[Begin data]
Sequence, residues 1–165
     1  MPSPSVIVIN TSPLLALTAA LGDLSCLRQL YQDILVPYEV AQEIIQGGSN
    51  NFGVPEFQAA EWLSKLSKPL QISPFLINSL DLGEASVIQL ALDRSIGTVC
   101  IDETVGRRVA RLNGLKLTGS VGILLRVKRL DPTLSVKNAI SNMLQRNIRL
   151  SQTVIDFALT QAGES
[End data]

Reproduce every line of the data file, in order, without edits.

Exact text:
Sequence, residues 1–165
     1  MPSPSVIVIN TSPLLALTAA LGDLSCLRQL YQDILVPYEV AQEIIQGGSN
    51  NFGVPEFQAA EWLSKLSKPL QISPFLINSL DLGEASVIQL ALDRSIGTVC
   101  IDETVGRRVA RLNGLKLTGS VGILLRVKRL DPTLSVKNAI SNMLQRNIRL
   151  SQTVIDFALT QAGES